If you bought Amazon.com (NASDAQ:AMZN) share at the 1995 IPO, you're looking back at a 79,000 return so far. That long-term surge includes a staggering 2,060% growth spurt in the last decade alone.
But where is the next Amazon-like growth stock for the ages? Whether you tapped into Amazon's massive expansion years ago or feel like you missed the boat on that opportunity, it's always smart to keep an eye out for new ideas.
We asked a handful of your fellow investors here at The Motley Fool what tickers they feel might live up to Amazon's inspiring example at this moment in time. Read on to see why they selected Wayfair (NYSE:W), Visa (NYSE:V), and Netflix (NASDAQ:NFLX).
Growth equals change equals growth for Netflix
Anders Bylund (Netflix): I do expect Amazon to keep providing strong stock returns and improving business results for the long haul. The stock is part of my portfolio, and a very helpful one at that. But Amazon shares play a far smaller role in my long-term investing strategy than Netflix, and for good reason.
Netflix is redefining the global entertainment market, one country at a time. In some places, the streaming video specialist faces off against local services -- often with good results. In others, Netflix paves entirely new paths for video entertainment consumption in this increasingly digital era.
The media giant that CEO Reed Hasting built from the bottom up already has 55 million domestic subscribers and another 63 million accounts abroad. And that's just the beginning. Netflix hopes to collect up to 90 million domestic subscribers when all is said and done, the necessary broadband infrastructure and payment abilities are spreading like wildfire around the developing world, and we're really watching a future media giant in the making.
You might think Netflix is big now, but that's only true in the narrowly defined (yet growing) niche of streaming video services. In the larger media world, Netflix remains a toddler next to the big boys of Hollywood. Walt Disney's annual sales are about five times larger, for example.
And that's where Netflix is headed next, driven by the original programming that serves as rocket fuel for the streaming service right now. This company is not afraid to disrupt itself when it's time to move on. The next generation of Netflix users may think of it more as a content creator than a specific viewing service.
The stock has been very good to me so far, growing my initial investment more than 18-fold in six short years. And the best is yet to come.
The business that makes Amazon and so many others possible
Tyler Crowe (Visa): E-commerce has been made possible by so many different developments over the years, but perhaps the one that is underappreciated is the one that was around for decades before it: credit cards. We take credit and debit cards for granted in North America. Internationally, though, cash is still king by a long shot. For a company like Visa, that simply means there is that much more market out there to capture.
In 2017, Visa processed $2.03 trillion in total payments, a large portion of which was in the U.S. In emerging markets such as Latin America, the Middle East, and Africa, though, Visa processes less than 5% of all transactions despite having a larger international presence than its largest rival, Mastercard.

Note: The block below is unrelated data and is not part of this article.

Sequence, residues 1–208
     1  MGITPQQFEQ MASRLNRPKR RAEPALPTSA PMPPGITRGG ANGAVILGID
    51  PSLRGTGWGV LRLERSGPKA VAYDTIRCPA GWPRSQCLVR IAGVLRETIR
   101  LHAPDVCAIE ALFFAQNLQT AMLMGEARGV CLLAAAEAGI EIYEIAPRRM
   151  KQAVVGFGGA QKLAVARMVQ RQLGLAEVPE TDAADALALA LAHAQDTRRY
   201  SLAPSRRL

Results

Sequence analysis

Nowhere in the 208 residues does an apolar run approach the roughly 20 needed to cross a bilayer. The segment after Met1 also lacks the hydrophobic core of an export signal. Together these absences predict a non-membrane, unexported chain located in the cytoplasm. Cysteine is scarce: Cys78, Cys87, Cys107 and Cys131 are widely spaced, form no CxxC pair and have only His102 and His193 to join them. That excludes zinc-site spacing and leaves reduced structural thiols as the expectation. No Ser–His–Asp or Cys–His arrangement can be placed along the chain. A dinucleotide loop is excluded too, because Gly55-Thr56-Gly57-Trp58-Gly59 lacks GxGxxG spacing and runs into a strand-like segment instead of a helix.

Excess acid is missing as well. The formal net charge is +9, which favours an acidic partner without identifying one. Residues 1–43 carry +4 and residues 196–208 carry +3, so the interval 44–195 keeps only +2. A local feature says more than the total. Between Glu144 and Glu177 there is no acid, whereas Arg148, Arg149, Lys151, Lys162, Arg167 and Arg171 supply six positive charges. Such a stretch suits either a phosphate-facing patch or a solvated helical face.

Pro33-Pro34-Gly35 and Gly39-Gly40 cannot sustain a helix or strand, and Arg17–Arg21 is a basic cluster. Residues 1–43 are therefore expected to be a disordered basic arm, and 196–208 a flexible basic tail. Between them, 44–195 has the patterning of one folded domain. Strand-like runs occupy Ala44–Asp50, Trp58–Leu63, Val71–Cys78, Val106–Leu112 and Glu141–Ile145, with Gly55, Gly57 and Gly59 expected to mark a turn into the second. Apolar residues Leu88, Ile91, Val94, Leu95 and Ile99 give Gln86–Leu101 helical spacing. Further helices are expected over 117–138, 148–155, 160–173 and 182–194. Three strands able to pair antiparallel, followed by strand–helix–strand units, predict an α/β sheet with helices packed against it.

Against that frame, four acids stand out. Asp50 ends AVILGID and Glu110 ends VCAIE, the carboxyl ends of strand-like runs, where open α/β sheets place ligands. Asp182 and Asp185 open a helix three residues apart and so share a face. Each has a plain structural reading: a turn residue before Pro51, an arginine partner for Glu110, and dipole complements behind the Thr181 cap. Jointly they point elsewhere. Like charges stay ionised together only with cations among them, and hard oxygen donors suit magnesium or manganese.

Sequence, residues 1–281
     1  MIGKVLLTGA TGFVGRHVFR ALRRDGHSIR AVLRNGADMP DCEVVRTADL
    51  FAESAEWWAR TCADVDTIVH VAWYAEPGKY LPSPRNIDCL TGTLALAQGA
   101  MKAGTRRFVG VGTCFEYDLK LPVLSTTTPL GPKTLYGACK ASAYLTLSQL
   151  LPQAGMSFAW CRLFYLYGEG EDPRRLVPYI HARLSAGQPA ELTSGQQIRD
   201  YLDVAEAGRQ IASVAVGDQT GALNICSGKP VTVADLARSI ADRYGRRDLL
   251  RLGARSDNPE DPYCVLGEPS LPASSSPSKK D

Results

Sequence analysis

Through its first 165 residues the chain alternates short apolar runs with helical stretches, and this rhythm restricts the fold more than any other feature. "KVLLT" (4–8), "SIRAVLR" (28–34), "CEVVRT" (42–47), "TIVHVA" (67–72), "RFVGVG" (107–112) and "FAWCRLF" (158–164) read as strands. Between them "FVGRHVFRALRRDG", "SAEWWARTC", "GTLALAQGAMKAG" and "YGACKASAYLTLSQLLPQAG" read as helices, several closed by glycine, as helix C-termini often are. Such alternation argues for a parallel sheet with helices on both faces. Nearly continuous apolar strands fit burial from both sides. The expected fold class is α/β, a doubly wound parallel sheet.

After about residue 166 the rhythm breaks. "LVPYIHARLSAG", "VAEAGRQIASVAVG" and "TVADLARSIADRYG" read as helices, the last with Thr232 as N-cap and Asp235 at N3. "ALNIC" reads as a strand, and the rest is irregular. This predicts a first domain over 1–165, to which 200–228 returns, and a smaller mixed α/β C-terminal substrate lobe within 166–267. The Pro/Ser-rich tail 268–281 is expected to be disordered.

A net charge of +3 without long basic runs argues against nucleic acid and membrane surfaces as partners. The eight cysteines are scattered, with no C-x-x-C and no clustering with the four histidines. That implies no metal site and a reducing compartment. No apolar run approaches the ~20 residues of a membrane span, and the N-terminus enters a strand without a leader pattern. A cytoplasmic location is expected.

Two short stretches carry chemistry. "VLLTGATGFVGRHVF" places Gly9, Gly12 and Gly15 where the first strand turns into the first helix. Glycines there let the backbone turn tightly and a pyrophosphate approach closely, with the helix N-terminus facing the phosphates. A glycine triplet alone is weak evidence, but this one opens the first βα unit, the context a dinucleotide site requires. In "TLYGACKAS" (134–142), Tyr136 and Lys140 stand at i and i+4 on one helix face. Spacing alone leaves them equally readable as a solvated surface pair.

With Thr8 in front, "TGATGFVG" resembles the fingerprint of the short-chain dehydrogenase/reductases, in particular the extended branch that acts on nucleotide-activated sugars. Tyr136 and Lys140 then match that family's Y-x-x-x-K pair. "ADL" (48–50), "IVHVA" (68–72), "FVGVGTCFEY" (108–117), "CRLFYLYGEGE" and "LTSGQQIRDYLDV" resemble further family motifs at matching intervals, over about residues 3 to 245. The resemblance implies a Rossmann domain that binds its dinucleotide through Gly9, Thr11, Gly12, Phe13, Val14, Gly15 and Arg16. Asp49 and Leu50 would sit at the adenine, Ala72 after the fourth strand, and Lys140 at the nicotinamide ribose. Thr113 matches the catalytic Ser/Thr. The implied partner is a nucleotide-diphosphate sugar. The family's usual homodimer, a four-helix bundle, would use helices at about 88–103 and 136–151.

According to management, growing its presence globally is one of three avenues to unlock more than $100 trillion in processed payments globally. Those avenues include the steady migration away from cash globally, the growing presence of e-commerce, and the extremely lucrative markets of business-to-business and government payment systems.
What is perhaps the most compelling aspect of Visa and this monumental growth opportunity is the fact that Visa's offering as a payment platform is not a capital-intense business, so it won't require high levels of investment to obtain that growth. For investors, that means Visa is likely to throw off loads of free cash flow that can be returned to shareholders.
Many of the trends that bode well for Amazon also benefit Visa, and Visa has more places where its company has the potential for exponential growth. So, if there is a business that could outpace Amazon over the long haul, it's Visa.
A defensible e-commerce niche
Demitri Kalogeropoulos (Wayfair): It hasn't yet found a way to profit from selling home furnishings online, but Wayfair is making big strides in that direction. Its 43% sales spike in 2017 corresponded to significant market growth, for one. Wayfair's customers are showing rising satisfaction these days, too, as repeat shoppers accounted for 3.9 million orders over the holiday quarter, or 62% of the total.
These encouraging growth numbers support management's plan to extend their competitive moat through a fulfillment infrastructure that promises to make bulky deliveries like sofas and tables quick and cost-effective. At the same time, Wayfair sees a big opportunity to expand deeper into international markets like the U.K and Germany.
These priorities might make 2018 the e-commerce specialist's fourth straight year of suffering a net loss. Investors should also keep a close eye on advertising spending, which might indicate a weakening market position if it spikes higher. On the bright side, if Wayfair keeps growing at the 40% rate it is targeting, then its hold on this attractive market niche just grows stronger, and it becomes that much harder for rivals to elbow in on its turf.
John Mackey, CEO of Whole Foods Market, an Amazon subsidiary, is a member of The Motley Fool's board of directors. Anders Bylund owns shares of Amazon, Netflix, and Walt Disney. Demitrios Kalogeropoulos owns shares of Netflix and Walt Disney. Tyler Crowe owns shares of Visa and Walt Disney. The Motley Fool owns shares of and recommends Amazon, Mastercard, Netflix, Visa, Walt Disney, and Wayfair. The Motley Fool has a disclosure policy.